Monday Mouse RAPID Methodology
RAPID is a type of business process improvement methodology originally developed by the Business Process Improvement Shared Service. At Monday Mouse, we’ve developed our version of the methodology to ensure our clients are getting the most from their monday.com™ implementations.
RAPID stands for:
Review the problem
What Needs to Change?
Analyze your business process at a high level and identify what needs changing. You can uncover areas ripe for improvement by conducting a process audit to discover where issues and risks lurk.
Assess the current state
After you’ve figured out which parts of your process need improvement, it’s time to analyze them fully to understand what’s happening and how to realistically make improvements. Ask yourself the tough questions, for example:
What steps are creating roadblocks?
What aspects are most time-consuming?
Is there an undue increase in cost and resources?
Is quality impacted?
You can find your answers by using business process mapping to outline everything with a flowchart or a swim lane diagram. These tools visualize all steps in your business process. You want to dive deep into each phase of the process to make sure you’re not leaving out any steps, regardless of how minor they might appear.
Plan for change
Design the Improvement Process
Now you’re going to redesign the inadequate part of your process and apply the improvements you deem necessary to add efficiency. The best way to do this is by working with those people involved in the part you’re focusing on. Include what you learned when mapping the process but continue getting input from them as part of the redesign.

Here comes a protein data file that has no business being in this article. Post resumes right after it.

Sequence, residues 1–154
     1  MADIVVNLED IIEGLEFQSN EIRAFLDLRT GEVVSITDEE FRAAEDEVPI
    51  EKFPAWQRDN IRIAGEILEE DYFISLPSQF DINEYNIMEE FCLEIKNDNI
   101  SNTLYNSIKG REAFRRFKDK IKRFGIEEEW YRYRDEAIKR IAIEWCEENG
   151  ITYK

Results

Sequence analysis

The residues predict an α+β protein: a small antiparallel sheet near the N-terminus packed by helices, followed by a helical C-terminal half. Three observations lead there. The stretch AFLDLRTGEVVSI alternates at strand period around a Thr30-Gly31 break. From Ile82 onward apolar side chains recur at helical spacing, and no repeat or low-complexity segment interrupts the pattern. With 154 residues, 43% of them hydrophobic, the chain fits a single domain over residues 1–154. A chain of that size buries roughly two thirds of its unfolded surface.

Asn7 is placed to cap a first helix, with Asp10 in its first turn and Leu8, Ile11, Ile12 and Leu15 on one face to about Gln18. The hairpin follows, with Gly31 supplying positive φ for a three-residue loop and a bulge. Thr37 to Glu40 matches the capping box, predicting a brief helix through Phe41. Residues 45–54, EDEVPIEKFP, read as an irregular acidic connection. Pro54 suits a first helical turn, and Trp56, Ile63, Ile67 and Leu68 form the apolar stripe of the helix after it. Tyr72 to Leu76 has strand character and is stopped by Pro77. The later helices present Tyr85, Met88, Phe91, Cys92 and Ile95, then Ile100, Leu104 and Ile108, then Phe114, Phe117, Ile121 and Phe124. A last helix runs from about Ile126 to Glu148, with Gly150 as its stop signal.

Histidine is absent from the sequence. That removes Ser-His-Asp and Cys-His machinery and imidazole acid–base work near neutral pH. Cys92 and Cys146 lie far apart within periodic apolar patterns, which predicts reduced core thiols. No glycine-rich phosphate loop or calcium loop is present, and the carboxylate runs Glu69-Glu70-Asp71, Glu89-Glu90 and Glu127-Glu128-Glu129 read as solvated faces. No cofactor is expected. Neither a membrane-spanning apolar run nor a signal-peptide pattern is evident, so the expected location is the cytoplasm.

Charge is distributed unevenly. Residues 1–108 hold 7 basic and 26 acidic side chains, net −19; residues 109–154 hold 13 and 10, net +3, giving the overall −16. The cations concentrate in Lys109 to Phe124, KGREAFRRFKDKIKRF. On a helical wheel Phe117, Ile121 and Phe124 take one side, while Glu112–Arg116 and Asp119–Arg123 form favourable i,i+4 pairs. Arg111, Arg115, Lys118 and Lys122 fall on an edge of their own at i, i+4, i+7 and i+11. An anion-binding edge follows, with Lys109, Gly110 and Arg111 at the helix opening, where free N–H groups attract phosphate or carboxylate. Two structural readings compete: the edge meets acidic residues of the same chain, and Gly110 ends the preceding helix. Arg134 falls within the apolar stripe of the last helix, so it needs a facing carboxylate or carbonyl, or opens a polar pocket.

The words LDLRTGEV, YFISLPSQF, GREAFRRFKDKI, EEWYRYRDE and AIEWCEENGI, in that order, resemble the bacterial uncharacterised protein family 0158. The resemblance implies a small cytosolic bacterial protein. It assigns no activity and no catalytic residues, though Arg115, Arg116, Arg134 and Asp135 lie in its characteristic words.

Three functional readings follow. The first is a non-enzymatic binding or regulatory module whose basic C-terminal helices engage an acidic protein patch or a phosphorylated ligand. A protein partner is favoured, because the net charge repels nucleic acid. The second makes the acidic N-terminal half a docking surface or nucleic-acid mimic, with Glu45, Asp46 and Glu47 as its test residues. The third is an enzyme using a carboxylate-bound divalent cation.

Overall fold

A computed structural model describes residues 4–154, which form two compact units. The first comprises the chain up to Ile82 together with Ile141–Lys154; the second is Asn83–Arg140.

Be clear about what you want to change, then work on brainstorming or other group activities to collect ideas. At this point don’t stifle any suggestions, regardless of cost or resources involved. You want to explore first.
After the exploratory step, you narrow the solutions by considering the ideas within a realistic context. Apply impact and risk analysis. Work to uncover risks and potential failure points to further help you understand the full consequences of the proposal you’re building. Once you and the group have come to a realistic approach that has been agreed upon, then you’ll want to create a new diagram to document the steps involved.
Once you’ve identified and analyzed the issues, you’re going to need to get support from senior management to okay your plans for improvement. These improvements can take time and use resources, so without commitment from senior management you won’t have the power to proceed.
Implement your redesign. This might mean changing existing systems, teams and processes. Sounds like a project in and of itself? That’s because it is, and you should organize it as one. Plan, allocate time and resources, consider risk and assemble a team to get the work done.
Just as you reviewed the existing processes to discover where improvements could be made, you’ll want to review your improvements. Monitor their progress and make sure they’re meeting the milestones you’ve set up. Be ready to adjust your plan accordingly as issues arise.
Stay in communication with your team throughout. Get input from them on how the new process is working. Ask if they’re finding it frustrating on any level. Take this information and tweak your plan to make sure that the process is in fact making improvements and not meaningless change.
The RAPID approach is ideal because of its simplicity and speed. Following this approach creates an environment for success.
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